From its Hawaiian royal roots, missionary and whaling past, Maui is steeped in history and has some of the best museums in Hawaii. Let's take a look at some of my favorite museums on Maui ranging from an entire town to a small, intimate gallery.
A good place to start is Lahaina Town, Maui's National Historic Landmark. The town is crammed with living history. You might say that the town itself is the biggest and most famous museum in Hawaii.
Lahaina was the capital of the Hawaiian Islands during the years of the monarchy (1795-1843). For many hundreds of years earlier, it was the playground of choice for Hawaiian kings and aristocracy. When the whalers arrived in Lahaina, it became the center of the bawdy Pacific whaling industry, much to the chagrin of the highly disapproving missionaries.
After whaling died out in the 1860s, Lahaina turned into a sleepy sugar plantation town, only to be awakened once more by the modern boom of tourism.
Today Lahaina's 31 historic sites provide visitors with a great overview of the town and island's past. Visitors can pick up a free walking guide in the gift shop within the Courthouse in Banyan Tree Park.
In addition to the Courthouse itself, the highlights include the Fort, the Prison, the Pioneer Inn, the Hongwanji Temple, Hale Pa‘i, the Wo Hing Temple, and the Baldwin Home Museum.
Whalers Village Museum
Located within Whalers Village Fine Shops & Restaurants in the Ka'anapali Beach Resort, the Whalers Village Museum offers visitors the chance to learn about the era when the Lahaina area of Maui was the whaling capital of the Pacific.
Within the museum are numerous displays and artifacts including Hawaii's largest collection of harpoons, tools, sea chests, sailor journals, and ship logs. You'll find numerous exhibits of items made from whale bone and tooth ivory including an excellent collection of scrimshaw. There is also one of the largest scale models of a whaling ship in existence.
Your $3.00 adult admission includes a free self-guided audio tour and three hours of validated parking.
Bailey House Museum
The Bailey House Museum in Wailuku in another "must-see" Maui museum.
Operated by the Maui Historical Society, the museum, the 1850 home of a missionary family, is dedicated to both pre-contact Hawaiian artifacts (the best and most complete collection on Maui), and post-contact missionary life.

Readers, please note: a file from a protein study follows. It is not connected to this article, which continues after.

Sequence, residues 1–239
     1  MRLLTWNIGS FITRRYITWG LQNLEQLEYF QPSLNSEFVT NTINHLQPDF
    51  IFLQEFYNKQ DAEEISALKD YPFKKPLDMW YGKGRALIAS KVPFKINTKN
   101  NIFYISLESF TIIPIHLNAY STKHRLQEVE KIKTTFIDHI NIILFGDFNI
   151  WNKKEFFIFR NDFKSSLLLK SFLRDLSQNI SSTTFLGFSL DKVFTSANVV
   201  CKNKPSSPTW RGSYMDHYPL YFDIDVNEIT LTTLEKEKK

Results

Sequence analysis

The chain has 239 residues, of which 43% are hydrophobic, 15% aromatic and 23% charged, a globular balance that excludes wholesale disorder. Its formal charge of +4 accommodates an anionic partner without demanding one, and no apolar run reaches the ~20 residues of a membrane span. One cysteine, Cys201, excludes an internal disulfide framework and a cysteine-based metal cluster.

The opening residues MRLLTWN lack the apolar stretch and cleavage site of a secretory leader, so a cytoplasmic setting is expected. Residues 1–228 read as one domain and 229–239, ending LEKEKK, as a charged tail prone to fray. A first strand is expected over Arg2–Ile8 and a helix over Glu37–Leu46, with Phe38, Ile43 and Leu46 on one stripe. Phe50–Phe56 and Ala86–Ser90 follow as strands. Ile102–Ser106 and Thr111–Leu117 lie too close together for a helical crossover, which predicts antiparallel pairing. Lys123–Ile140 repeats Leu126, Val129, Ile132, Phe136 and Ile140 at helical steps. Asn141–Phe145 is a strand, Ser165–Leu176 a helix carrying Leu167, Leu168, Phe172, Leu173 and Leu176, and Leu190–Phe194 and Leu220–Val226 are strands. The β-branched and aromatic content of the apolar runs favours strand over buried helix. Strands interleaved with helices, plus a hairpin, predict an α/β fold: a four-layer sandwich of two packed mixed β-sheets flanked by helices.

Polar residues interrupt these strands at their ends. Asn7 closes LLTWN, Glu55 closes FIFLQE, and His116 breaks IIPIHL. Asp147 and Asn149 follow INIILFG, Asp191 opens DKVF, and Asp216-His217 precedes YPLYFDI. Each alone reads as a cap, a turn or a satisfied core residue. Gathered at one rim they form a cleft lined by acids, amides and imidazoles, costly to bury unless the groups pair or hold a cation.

The house itself is also noteworthy, with heavy sandalwood beams in the ceiling and stone walls that are nearly two feet thick. The grounds also include a flourishing tropical garden, an authentic Hawaiian outrigger canoe, and a seminary building.
A few minutes away by car from the Bailey House, set in the lush 'Iao Valley, Kepaniwai Park is an outdoor museum that educates visitors about Maui's cultural heritage.
The charming, pastoral setting is enhanced by oriental gardens, arched bridges, a taro patch, and the sound of the 'Iao Stream in the background.
In strolling through the grounds, you'll discover a Portuguese villa, a New England "salt box" with white picket fence, a thatched Hawaiian hale, and a type of bamboo house popular among the early Filipino immigrants, among other cultures represented there.
The park is the site of a decisive battle in which Kamehameha I defeated the army of a Maui chief in 1790.
Alexander & Baldwin Sugar Museum
The historic plantation town of Pu'unene, near Kahului, is the home of the Alexander & Baldwin Sugar Museum.
The museum's displays illuminate the history of Maui's sugar industry and plantation era. Photographs and documents show the quality of life in the cane fields, how the workers lived on the plantations, and the workings of a sugar mill as displayed in a model. Across the street is the active, authentic version, where sugar cane is still processed today in the last working mill in Hawaii.
The museum's exhibits give a glimpse into a once-thriving industry that left its mark on Hawaii, and then declined. While the rest of Hawaii's sugar industry has shut down, the industry on Maui has displayed a remarkable resilience in its struggles to survive.
Hana Cultural Center & Museum
With its roots firmly planted in native Hawaii values, East Maui's Hana is a living example of the Hawaiian cultural resurgence.
Intimate, true and endearing, the Hana Cultural Center & Museum is the town's official repository of artifacts.
The center's modest size and scale allow you to get close to the stone tools, hand-stitched quilts, photographs, wood crafts, and old Hawaiian games that residents have preserved through the years.